Opinion
June 16, 2020

Self-Image in the Age of COVID

by
Alisha Donnelly

It’s hard to stay away from your own reflection these days. Video calling has become a daily occurrence for many, and we all have ample time at home to stare into the mirror and fixate on the person staring back.

 

In Ontario, we are approaching our fourth month of government mandated self-isolation. We are all feeling the impact of being cooped up indoors, especially with the summer weather tempting us outside. With no tangible end in sight, this freeze on our lives can start to take its toll on the way we think (or overthink) about our physical and mental selves.

 

I can honestly say that, during self-isolation, I rarely put in the effort to look my best; I haven’t touched my makeup in months and more often than not am rocking a pandemic mullet (blazer on top, sweatpants on the bottom). The camera or mirror can be a harsh reminder that not everyone looks like the Instagram models we see online everyday. These times are challenging for everyone’s self-image. And for anyone who may struggle with an eating disorder, body dysmorphia, a mental illness, or discrimination based on appearance, you may feel that it is impossible right now to not to obsess over the state of your body and mind.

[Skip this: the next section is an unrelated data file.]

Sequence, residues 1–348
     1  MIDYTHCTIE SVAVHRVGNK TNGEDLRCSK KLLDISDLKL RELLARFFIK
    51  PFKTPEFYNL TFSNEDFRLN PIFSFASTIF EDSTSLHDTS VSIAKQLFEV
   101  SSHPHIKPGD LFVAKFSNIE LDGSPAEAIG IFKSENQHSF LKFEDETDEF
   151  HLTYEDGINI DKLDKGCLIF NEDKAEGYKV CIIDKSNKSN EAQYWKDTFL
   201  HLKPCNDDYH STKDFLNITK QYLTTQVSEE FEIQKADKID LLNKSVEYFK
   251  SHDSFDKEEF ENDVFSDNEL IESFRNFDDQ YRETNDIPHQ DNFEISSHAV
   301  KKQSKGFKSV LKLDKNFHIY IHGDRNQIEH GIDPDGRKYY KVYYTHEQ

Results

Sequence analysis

I wanted to share a few tips that have helped me remain positive (and sane) during self-isolation:

 

Tip #1: Put That Smartphone Down

If you are isolating alone, your cellphone and social media, may be your only connection to the world beyond your home. Even if you are not alone, social media is a way to mentally escape your isolation bubble. It is important to stay connected but, in this case, too much of a good thing can lead to worsening mental health.

 

Set a structure for yourself that reduces your time spent mindlessly scrolling through your social feeds. This can be as simple as setting a daily time limit on social media apps or limiting each online session to a certain amount of minutes (there are tons of tools on the app store for managing this). Additionally, try not to open social media apps first thing in the morning; allow yourself to start your day in your own thoughts. Get up, grab a coffee or a glass of water, brush your teeth, get dressed, and then take a look at your phone. This small action will allow you to center yourself before jumping into your work or the often chaotic world of social media.